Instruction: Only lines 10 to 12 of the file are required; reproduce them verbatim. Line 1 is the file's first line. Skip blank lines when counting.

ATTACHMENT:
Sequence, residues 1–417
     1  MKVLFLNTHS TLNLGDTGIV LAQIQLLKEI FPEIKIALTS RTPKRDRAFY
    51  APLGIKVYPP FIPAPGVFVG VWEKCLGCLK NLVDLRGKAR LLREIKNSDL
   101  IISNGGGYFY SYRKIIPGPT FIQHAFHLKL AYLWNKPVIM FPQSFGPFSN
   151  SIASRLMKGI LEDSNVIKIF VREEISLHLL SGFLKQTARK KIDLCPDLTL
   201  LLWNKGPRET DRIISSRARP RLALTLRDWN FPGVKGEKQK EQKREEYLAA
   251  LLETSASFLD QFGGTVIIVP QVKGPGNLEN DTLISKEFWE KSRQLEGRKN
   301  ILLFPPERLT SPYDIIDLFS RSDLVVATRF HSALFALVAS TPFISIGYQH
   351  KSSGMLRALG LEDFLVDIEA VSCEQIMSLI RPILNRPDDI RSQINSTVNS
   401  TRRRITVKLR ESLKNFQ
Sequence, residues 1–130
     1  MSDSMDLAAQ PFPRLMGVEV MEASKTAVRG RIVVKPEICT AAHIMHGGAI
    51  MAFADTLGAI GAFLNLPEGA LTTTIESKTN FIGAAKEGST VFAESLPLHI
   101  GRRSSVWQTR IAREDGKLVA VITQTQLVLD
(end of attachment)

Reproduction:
   401  TRRRITVKLR ESLKNFQ
Sequence, residues 1–130
     1  MSDSMDLAAQ PFPRLMGVEV MEASKTAVRG RIVVKPEICT AAHIMHGGAI